In the key Rustbelt states that tipped the 2016 election to President Trump, blue-collar white voters at the core of his constituency represent a majority of those receiving benefits from the federal income-support programs he has targeted for large cutbacks in his budget, according a new analysis conducted for The Atlantic.
Whites without a four-year college degree constitute most of those receiving assistance from the Supplemental Nutrition Assistance Program, Social Security’s Supplemental Security Income program, and Social Security’s disability program in each of the five Rustbelt states that flipped from Barack Obama in 2012 to Trump in 2016: Iowa, Ohio, Michigan, Pennsylvania, and Wisconsin. They also represent a majority of the programs’ beneficiaries in other heavily working-class interior states—from Arkansas and Kentucky through Missouri and Montana—that are central to GOP fortunes in upcoming elections.
Trump’s budget, released Tuesday morning, looks to protect the older whites vital to his electoral coalition by exempting both Medicare and the principal Social Security retirement program from any cuts: About 80 percent of today’s seniors are white, and Trump carried about three-fifths of white seniors in last fall’s election. In stark contrast, the budget focuses large reductions on domestic discretionary-spending programs that invest in the productivity of future generations, including scientific research, education, student loans, and the Children’s Health Insurance Program. In those ways, the budget displays a clear preference for the predominantly white senior population over the rapidly diversifying youth population: As I’ve written, it strongly favors the “gray” over the “brown.”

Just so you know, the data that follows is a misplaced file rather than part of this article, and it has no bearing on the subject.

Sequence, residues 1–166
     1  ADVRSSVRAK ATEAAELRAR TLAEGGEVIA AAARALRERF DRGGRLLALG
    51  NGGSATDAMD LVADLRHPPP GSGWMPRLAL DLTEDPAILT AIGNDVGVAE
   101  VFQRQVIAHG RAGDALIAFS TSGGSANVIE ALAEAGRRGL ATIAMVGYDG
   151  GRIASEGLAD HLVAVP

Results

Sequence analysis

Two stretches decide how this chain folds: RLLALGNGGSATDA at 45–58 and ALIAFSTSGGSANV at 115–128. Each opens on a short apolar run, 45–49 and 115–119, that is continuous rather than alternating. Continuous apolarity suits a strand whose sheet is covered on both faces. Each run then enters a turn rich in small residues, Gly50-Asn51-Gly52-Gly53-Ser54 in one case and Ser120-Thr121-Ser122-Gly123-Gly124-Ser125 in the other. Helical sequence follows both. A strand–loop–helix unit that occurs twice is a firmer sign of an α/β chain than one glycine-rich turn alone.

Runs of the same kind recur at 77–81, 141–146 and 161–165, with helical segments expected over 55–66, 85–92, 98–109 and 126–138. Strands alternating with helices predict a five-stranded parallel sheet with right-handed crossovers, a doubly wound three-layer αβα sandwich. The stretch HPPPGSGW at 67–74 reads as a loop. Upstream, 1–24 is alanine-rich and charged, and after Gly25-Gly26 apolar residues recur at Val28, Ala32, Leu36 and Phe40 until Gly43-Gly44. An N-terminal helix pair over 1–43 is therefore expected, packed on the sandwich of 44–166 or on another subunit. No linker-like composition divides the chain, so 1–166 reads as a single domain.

But because Trump extends his budget cuts so deeply and broadly through income-support programs, the reductions still inevitably reach many of the lower-income and less-educated whites that have emerged as the cornerstone of the modern Republican coalition. The large number of GOP-leaning voters who rely on programs Trump would retrench underscores the difficulty his party faces in reconciling their ideological drive to shrink government spending with the material needs of their increasingly working-class and older white supporters. Not only did Trump depend on big margins among older and non-college-educated whites, but about three-fifths of House Republicans also represent districts older than the national average. And about three-fourths hold seats where more whites than the national average lack a college degree.
As William Hoagland, a senior vice president at the Bipartisan Policy Center who formerly worked as a top Senate Republican budget aide, told The New York Times: “The politics of this make no sense to me whatsoever, in the sense that the population that brought them to the dance are the populists out there in the Midwest and South who rely on these programs that he’s talking about reducing.”